3. Promote European political integration

However, Soviet distrust towards the US-led NATO had festered even before its inception. Explicit references made to the United Nations Charter were interpreted by the Soviets as convenient attempts to conceal the ‘true’ Western intentions to use military aggression to consolidate their power and influence.

The Soviet press made a point of printing the full text of the treaty on 29 March to expose the hollowness of its claim of its harmony with the charter. And on 31 March, just five days before the official signing, the Soviets issued a formal protest, asserting that Article 5 would unleash aggressive armies “without any authority whatsoever of the Security Council.” Nor could the treaty be justified under Article 51, which was designed to be used only in the case of an armed attack upon a UN member, not as a cover for aggressive aims.

An excerpt from “NATO 1948: The Birth of the Transatlantic Alliance” by Lawrence S. Kaplan.

What can we learn from this article?
Consider the following question:
– Assess the significance of NATO in shaping the outbreak of the Cold War in 1949.

Join our JC History Tuition to grasp the key concepts and historical developments in the Cold War. The H2 and H1 History Tuition includes online lessons to recap on various topics like Superpower Relations with China, the United Nations and Approaches to Governance. Get useful study notes and attempt guided written practices to improve your knowledge application skills.

We have other JC tuition classes, such as GP TuitionEconomics TuitionJC Chemistry TuitionJC Math Tuition and China Studies in English Tuition. For Secondary Tuition, we provide Secondary English Tuition, Secondary Math tuition, Secondary Chemistry Tuition and Secondary Economics Tuition. For Primary Tuition, we have Primary English Tuition. Call 9689 0510 to find out more.

JC History Tuition Online - What is George Kennan known for - Cold War SBCS

What is George Kennan known for?

Topic of Study [For H2 and H1 History Students]: 
Paper 1: Understanding the Cold War (1945-1991)
Section A: Source-based Case Study
Theme I Chapter 1: Emergence of Bipolarity after the Second World War II

Find out more about the significance of the American diplomat’s ‘Long Telegram’ [Video by Woodrow Wilson Center]

The document
George Frost Kennan was an American diplomat known for his ‘containment policy’. During World War Two, Kennan assumed diplomatic posts in Libson and Moscow. On 22 February 1946, Kennan sent a five-thousand word document labelled ‘511’. Given its unusually long length of writing, it was called the ‘Long Telegram’.

It was no coincidence that Marxism, which had smoldered ineffectively for half a century in Western Europe, caught hold and blazed for first time in Russia. Only in this land which had never known a friendly neighbor or indeed any tolerant equilibrium of separate powers, either internal or international, could a doctrine thrive which viewed economic conflicts of society as insoluble by peaceful means.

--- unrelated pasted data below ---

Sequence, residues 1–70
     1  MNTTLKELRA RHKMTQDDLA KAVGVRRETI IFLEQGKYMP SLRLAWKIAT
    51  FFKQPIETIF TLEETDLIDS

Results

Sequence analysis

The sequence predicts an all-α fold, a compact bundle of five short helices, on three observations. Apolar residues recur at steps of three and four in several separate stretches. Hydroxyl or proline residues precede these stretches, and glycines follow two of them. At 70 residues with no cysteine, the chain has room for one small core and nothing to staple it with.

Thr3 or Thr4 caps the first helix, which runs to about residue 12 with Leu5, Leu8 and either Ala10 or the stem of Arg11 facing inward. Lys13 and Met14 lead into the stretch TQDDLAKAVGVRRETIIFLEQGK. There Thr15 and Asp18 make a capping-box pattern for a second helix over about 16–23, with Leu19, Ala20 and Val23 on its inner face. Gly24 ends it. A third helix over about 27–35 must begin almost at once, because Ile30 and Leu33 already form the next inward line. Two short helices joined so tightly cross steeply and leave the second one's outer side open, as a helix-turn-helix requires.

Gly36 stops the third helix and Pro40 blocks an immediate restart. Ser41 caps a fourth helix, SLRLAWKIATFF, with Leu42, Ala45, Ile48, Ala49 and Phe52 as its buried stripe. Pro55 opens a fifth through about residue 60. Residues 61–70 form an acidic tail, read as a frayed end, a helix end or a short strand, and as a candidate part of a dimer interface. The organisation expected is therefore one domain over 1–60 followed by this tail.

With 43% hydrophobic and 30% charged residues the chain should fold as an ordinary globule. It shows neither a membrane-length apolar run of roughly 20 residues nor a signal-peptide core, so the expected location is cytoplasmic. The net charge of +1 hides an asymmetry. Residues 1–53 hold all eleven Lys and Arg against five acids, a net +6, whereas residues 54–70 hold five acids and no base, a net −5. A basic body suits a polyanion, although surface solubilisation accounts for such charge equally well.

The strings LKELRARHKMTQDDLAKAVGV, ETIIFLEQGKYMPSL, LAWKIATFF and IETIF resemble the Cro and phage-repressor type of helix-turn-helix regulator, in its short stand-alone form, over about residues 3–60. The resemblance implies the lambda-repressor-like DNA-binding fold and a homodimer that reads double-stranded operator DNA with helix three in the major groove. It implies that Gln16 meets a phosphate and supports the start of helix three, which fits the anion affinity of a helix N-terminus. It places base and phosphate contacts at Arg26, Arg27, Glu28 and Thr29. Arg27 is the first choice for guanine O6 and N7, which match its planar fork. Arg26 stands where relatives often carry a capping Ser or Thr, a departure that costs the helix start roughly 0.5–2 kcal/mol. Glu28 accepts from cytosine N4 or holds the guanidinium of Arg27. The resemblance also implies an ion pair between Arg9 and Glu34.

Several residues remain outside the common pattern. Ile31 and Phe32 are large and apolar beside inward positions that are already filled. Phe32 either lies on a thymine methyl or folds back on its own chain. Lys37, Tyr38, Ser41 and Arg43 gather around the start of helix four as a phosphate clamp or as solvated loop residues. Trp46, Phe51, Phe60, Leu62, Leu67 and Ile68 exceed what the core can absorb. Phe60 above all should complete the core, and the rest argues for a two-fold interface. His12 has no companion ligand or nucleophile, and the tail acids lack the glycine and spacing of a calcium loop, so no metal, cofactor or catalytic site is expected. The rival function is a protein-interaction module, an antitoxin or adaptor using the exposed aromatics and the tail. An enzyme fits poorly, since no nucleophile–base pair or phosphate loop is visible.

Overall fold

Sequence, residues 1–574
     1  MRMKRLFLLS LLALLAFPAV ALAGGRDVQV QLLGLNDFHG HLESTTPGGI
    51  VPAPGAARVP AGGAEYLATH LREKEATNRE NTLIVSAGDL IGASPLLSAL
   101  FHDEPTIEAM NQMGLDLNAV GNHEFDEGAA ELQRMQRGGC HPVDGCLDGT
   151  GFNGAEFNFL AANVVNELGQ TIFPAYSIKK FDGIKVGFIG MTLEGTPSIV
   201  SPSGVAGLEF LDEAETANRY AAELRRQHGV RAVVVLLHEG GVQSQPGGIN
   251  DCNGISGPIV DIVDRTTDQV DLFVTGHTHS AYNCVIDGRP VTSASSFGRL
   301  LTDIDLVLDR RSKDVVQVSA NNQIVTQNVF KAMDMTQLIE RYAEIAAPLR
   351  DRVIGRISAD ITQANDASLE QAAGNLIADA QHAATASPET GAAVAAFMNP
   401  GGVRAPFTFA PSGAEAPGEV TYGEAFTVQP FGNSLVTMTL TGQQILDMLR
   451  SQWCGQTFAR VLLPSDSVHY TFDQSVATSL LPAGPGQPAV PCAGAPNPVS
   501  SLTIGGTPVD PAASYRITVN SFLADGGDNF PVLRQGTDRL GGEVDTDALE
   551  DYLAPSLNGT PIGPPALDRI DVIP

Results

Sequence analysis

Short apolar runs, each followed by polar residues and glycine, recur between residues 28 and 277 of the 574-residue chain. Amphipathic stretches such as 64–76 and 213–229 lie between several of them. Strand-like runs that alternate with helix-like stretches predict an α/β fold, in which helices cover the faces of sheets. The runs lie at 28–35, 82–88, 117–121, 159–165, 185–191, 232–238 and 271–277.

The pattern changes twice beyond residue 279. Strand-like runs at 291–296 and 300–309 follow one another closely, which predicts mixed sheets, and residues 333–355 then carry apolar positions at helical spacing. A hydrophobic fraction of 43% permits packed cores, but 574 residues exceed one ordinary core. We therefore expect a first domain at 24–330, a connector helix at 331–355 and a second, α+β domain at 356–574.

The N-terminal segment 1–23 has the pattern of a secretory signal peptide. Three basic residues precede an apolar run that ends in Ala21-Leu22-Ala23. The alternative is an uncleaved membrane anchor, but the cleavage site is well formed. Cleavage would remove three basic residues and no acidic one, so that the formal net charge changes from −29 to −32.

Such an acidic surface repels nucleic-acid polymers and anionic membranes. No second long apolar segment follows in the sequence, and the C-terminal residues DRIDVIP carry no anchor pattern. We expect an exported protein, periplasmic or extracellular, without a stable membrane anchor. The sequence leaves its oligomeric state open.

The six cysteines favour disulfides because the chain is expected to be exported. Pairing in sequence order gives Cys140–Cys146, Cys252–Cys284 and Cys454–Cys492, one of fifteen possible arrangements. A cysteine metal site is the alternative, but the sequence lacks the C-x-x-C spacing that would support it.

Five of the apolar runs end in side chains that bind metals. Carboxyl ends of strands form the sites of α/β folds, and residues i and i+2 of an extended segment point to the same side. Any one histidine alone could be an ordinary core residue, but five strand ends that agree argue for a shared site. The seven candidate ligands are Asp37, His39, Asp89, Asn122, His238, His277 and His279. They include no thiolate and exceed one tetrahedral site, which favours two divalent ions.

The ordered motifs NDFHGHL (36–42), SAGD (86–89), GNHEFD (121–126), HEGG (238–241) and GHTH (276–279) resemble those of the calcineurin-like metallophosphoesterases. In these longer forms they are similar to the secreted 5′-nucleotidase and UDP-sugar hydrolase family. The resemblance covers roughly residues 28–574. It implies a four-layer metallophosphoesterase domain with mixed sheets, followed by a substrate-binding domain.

An excerpt from the ‘Long Telegram‘ by George F. Kennan to the Secretary of State, 22 February 1946.

Notably, Kennan’s had alarmed Washington as there were growing suspicions towards the Soviet Union over matters in post-war Europe. Kennan’s ‘telegram’ was delivered after Stalin gave a rousing speech at the Bolshoi Theatre on 9 February. Subsequently, Kennan assumed the role as director of the State Department’s planning-policy staff in 1947.

In July 1947, another article was written by Kennan, known as ‘X Article’. It was formally titled ‘The Sources of Soviet Conduct’. The article was considered an expansion of what Kennan had written in ‘511’.

In these circumstances it is clear that the mean element of any United States policy toward the Soviet Union must be that of a long-term, patient but firm and vigilant containment of Russian expansive tendencies. It is important to note, however, that such a policy has nothing to do with outward histrionics: with threats or blustering or superfluous gestures of outward “toughness.”

An excerpt from ‘The sources of Soviet conduct‘ published in the Foreign Affairs journal, July 1947.

What can we learn from this article?
Consider the following question:
– How far do you agree the outbreak of the Cold War was the result of Soviet expansionist policies?

Join our JC History Tuition and learn to analyse and answer source based case study questions on the Cold War. The H2 and H1 History Tuition programmes feature thematic content enrichment, essay writing and source based case study skills development. Get useful study notes and outlines to enhance your revision efforts to ace the GCE A Level History examinations.

We have other JC tuition classes, such as GP TuitionEconomics TuitionJC Chemistry TuitionJC Math Tuition and China Studies in English Tuition. For Secondary Tuition, we provide Secondary English Tuition, Secondary Math tuition, Secondary Chemistry Tuition and Secondary Economics Tuition. For Primary Tuition, we have Primary English Tuition. Call 9689 0510 to learn more.